Phillip “Grasshopper” Pickering wanted to get some answers from DPNR officials about unchecked development on St. John, he explained.

“I want to hear from DPNR about the building situation on St. John,” said Pickering. “I want to hear what DPW says about our infrastructure. What are we going to do when Pond Bay Club and Sirenusa open?”

“Traffic is crazy already and we don’t have infrastructure in place to handle these new developments,” Pickering said.  
St. John residents deserve the same services enjoyed by residents of St. Thomas and St. Croix, explained Barshinger.

“I am very excited that the executive branch is connecting people of the Virgin Islands, and St. John especially, with the government’s top executives,” said the Senator at Large. “St. John needs and deserves the same services as all Virgin Islanders. I am here to listen and facilitate that process as a legislator.”

What About the Planner?
The Senator at Large was also interested in hearing about the long-promised and not filled St. John Planner position, he added.

“I understand that several people here today have been asking what happened to the planner that I and my colleagues appropriated funds for in 2006,” said Barshinger.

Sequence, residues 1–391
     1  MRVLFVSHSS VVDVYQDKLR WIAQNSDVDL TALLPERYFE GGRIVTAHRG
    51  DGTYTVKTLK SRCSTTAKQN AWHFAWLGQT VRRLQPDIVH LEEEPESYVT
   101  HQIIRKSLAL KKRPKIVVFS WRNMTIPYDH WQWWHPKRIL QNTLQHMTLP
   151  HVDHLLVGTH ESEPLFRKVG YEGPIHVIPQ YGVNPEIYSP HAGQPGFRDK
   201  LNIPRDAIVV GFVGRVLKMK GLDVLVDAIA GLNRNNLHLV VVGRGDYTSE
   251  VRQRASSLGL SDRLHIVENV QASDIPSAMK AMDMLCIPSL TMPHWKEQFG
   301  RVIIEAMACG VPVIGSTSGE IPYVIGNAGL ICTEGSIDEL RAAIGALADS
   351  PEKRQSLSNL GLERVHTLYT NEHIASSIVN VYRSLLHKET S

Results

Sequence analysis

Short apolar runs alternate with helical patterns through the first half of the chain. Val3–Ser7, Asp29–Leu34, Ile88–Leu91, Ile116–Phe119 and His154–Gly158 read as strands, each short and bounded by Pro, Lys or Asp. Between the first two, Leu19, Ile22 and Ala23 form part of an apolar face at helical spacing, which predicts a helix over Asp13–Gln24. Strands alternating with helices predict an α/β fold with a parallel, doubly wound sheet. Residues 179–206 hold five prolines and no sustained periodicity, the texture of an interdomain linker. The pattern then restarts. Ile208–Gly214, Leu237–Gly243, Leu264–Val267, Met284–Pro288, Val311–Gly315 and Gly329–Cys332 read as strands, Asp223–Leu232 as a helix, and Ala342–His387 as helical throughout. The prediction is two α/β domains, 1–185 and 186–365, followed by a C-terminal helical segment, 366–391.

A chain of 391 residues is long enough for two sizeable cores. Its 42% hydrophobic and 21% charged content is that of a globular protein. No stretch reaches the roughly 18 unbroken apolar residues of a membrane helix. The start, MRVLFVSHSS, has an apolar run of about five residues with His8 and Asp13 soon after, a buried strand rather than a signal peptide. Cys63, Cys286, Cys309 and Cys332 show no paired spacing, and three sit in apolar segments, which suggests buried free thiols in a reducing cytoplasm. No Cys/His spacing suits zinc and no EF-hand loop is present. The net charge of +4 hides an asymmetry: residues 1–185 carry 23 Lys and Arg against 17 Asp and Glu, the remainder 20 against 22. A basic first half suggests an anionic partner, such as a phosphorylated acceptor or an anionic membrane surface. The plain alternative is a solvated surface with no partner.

Since the commissioners spoke one-on-one with each resident, the large crowd meant long lines of people waiting for private interviews.

“They need to do this more often, so there isn’t such a back log of people waiting here,” said Gaffin.
“It’s a little noisy and a little crowded,” said Sharon Coldren, president of the Coral Bay Community Council. “They might want to think of getting a different venue where there will be more room and less noise.”

Police and Justice Officials Coming Next
Administrator Smith was pleased with the turnout and promised to hold commissioners to their words, she explained.

“We expected a lot of people, but this turnout is amazing,” she said. “We will  make sure that the commissioners fulfill their promises. We will follow through and make sure things are accomplished.”

The next open house at the Battery — planned for sometime in February — will feature V.I. Police Department Commissioner James McCall and Department of Justice officials, Smith added.